It’s not every day you find out you’re dead. A quiet, family evening at my brother’s house. We’re sorting out an Indian takeaway. Negotiating portions of rice. Extra poppadoms. Anyone want to share a naan? Don’t suppose there’s any mango chutney, is there? I notice a missed call on my mobile. Gary doesn’t phone often. When he does, it’s usually about Charlie. I don’t think I’m going to like the voicemail he’s left. Please call Mike as soon as you get this. I was right. I don’t like it.
Mike’s the Community Police Officer. He sounds surprised to hear my voice.
You’re OK then?
Only Charlie told me you were dead.
He said you died last week. Of a heart attack.
Not that I noticed …
I hear disbelief. Then anger.
But he was sobbing his heart out. How can anyone lie like that?
It doesn’t seem a good time to tell him how rich I’d be if I had a fiver for every convincing lie Charlie’s told me. With tears. Snot. Anguish of the soul. The whole nine yards.
Maybe Reeva Steenkamp was less surprised by her demise than I was by mine. After all, she’d already told her lover she was scared of him. Only a few days before he shot her. Through the locked door of the toilet. At three in the morning. Four times. Just to make sure. She’d known he had a gun. A previous girlfriend once hid it because of his insane rages.
If Charlie’d ever had access to a firearm my death might have been more than a figment of his imagination. Over 70% of domestic violence murders happen after the victim has left the relationship. I left Charlie five times. He’s one reason why I’ve followed the media circus surrounding Reeva’s killer with such interest. There’s a photo that stands out for me from all those Oscar-winning performances in the witness box. The man’s in tears. Again. A single drip hanging from the end of his nose. Puts me in mind of Charlie whenever I see it. He could have won awards for acting too.
Reeva’s killer. Charlie. Nigella Lawson’s ex. Rosemary Gill’s murderer. They think they’re the victims somehow. If Reeva had behaved the way he wanted her to, everything would have been fine. It was all her fault. Charlie’s predecessor spelled that one out for me. Loudly. And often. The average abuser is utterly convinced of his own rightness. When the solids hit the fan it’s only reasonable for him to lie his way out of trouble. After all, he’s intelligent enough to know the truth might not garner much sympathy. I didn’t like what she did / said / the way she looked at someone. I threatened her. Smothered her. Shot her. Throttled her. Beat her to death. I couldn’t help it. Not going to go down well in a court of law. I thought she was a burglar. Much better. No matter how implausible. Tears are just the icing on the cake. It can’t be hard to squeeze out a few if you’re staring life imprisonment in the face. Poor me. Look what she did to me.
I once knew a man who’d been bullied in school. He was fifteen when it dawned on him he didn’t have to take this any more. He punched the bully. Knocked him out cold. Or so he told me. A light bulb moment. He’d never been bullied since. Instead he’d gone through life fists up. Always first to throw a metaphorical punch. Never letting anyone get close enough to hurt him. But he’d never stopped seeing himself as a victim. A frightened child. And a frightened child who’s six foot and eighteen stone is someone you don’t want to mess with.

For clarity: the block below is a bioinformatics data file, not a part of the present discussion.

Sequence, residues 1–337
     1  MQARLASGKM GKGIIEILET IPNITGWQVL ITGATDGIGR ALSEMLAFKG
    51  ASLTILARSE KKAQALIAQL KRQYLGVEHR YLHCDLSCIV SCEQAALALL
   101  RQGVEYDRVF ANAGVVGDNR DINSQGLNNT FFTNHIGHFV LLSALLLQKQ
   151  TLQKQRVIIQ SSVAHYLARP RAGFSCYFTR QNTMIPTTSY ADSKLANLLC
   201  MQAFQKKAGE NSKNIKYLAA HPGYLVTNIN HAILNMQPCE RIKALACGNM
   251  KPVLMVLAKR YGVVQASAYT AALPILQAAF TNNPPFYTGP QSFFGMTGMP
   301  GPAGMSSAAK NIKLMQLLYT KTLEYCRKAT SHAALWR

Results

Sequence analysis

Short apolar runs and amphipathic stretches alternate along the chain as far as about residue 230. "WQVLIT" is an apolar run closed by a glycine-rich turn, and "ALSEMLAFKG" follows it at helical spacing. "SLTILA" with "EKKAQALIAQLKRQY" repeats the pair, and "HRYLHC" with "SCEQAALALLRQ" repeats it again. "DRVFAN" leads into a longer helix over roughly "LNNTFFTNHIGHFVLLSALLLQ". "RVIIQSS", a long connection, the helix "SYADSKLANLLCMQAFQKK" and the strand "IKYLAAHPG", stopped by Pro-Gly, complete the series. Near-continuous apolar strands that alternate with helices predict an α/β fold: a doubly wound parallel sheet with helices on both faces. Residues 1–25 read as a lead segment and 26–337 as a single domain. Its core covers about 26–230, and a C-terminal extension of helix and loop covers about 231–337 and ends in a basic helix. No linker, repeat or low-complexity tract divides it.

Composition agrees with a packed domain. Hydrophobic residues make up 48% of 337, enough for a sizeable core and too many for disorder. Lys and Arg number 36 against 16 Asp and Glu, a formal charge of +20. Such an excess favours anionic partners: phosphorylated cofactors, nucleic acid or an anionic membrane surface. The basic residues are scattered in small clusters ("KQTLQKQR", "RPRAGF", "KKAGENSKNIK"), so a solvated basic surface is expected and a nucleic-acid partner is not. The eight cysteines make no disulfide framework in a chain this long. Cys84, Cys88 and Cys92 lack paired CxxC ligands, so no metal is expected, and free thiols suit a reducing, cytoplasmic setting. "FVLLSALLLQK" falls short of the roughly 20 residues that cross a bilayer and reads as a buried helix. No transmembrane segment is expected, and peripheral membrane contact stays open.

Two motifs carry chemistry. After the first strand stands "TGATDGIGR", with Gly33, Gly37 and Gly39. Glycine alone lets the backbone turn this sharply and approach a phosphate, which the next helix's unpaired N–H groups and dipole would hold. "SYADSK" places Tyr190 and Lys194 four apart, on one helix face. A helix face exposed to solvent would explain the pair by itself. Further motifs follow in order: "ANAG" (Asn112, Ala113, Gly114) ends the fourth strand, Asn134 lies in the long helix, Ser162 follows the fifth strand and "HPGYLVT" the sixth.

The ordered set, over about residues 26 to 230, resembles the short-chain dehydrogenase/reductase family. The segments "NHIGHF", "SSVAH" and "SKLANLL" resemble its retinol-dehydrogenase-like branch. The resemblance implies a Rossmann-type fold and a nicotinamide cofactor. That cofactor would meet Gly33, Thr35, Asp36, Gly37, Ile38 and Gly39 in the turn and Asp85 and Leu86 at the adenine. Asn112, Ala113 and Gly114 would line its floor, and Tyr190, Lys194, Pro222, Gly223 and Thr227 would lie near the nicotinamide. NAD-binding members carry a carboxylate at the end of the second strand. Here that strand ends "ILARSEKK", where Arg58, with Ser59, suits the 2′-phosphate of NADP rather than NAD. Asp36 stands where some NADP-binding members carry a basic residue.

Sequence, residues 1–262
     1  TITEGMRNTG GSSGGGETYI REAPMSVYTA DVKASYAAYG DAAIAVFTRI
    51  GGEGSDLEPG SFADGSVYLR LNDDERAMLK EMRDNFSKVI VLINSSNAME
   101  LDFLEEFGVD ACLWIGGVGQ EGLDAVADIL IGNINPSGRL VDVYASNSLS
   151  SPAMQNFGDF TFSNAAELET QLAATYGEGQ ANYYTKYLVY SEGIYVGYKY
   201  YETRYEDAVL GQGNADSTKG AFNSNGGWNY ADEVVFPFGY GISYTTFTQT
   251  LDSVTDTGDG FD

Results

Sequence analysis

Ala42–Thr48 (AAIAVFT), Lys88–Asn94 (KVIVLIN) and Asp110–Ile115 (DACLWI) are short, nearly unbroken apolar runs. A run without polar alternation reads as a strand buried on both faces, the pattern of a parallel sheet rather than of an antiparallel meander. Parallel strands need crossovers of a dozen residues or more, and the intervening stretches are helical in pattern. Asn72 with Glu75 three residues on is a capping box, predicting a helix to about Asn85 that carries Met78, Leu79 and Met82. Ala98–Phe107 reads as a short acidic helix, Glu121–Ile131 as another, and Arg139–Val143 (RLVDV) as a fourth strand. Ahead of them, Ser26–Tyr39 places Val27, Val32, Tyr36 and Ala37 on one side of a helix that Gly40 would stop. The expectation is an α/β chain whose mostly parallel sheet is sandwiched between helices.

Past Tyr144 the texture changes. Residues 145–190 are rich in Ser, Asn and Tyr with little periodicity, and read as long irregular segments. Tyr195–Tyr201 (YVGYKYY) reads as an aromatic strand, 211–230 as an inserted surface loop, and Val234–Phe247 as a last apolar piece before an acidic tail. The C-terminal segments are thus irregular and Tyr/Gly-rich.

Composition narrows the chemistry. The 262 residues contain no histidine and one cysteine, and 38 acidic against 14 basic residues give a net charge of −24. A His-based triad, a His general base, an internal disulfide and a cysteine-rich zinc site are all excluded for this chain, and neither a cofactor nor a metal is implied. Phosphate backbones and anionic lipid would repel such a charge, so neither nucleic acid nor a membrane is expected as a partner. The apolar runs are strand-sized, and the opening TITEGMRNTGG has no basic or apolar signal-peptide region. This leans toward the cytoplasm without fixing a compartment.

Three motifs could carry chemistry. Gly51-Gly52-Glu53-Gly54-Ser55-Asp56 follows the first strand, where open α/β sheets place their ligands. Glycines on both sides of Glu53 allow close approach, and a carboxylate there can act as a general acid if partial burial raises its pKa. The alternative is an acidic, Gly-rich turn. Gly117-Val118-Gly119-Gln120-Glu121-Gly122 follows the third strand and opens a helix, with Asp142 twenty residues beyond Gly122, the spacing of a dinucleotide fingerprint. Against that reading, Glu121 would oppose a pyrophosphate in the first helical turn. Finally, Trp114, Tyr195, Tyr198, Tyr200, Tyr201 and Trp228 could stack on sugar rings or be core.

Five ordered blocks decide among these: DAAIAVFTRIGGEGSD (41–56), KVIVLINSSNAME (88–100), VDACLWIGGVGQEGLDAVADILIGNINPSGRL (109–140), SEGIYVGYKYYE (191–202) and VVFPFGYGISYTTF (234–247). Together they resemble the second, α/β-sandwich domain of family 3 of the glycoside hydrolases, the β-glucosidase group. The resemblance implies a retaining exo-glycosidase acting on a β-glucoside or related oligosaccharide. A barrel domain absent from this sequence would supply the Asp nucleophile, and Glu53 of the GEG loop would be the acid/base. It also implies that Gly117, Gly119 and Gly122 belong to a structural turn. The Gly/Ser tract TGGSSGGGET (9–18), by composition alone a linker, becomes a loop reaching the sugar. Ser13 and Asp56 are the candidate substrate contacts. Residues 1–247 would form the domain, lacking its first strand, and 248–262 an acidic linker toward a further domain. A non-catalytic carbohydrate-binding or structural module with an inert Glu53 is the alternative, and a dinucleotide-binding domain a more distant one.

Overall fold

Fear tells horrible lies. It told Reeva Steenkamp she’d be safe behind the locked door of the bathroom. It told her killer that Reeva wasn’t to be trusted. He had to subjugate her. And if she died in the process? Collateral damage. That’s what they call it in Gaza isn’t it? Once fear’s in the driving seat, empathy goes out of the window. Compassion. Humanity. We revert to blind animal instinct. Fight or flight. Not a good way to conduct intimate partnerships. Interactions with neighbours. International negotiations. Fear’s a liar. Fear’s a killer.
A couple of paragraphs back I snuck in the words I left Charlie five times. Five times. Stands to reason I’ve been interested in the hashtag trending on Twitter this week #WhyIStayed. Anyone who’s been abused will recognise the rollercoaster. The decision to stay, or to return to an abuser, is rooted in fear. It also flows from an optimism just as insane as the fear. I refused to believe there was nothing to Charlie but the monster. I knew there was more. I’d seen the good. I didn’t want to believe the evil would win the day. I don’t think he did either.
One evening in the kitchen. Roast lamb. Charlie was always a good cook. We worked well together. Pans clattered as I rooted through the cupboard. I finally found what I wanted. Stood up. Charlie wasn’t there. My stomach knotted. If you’ve ever lived with a hardcore abuser you’ll know about The Silence. I found him in the bedroom. Tears pouring down his face. Instead of the usual rebuff, he looked up. Helpless.
I can’t trust you.
Of course you can.
No. You don’t understand. It’s me. I can’t trust you.
He was right. No matter how hard I loved him. No matter how much he wanted to. He couldn’t do it. He wasn’t capable of trust. Fear’s a thief too.
I wish I could paint a fairytale ending. The moment of truth that set us free. We walked off into the sunset hand in hand … We didn’t of course. I cooked the lamb. He refused to eat it. The rest was messy. Because where domestic abuse is concerned, happy ever after is just another lie.
All the names in this piece have been changed or omitted, except those of the victims of domestic abuse. I see no reason why our abusers should steal the limelight as well as our lives.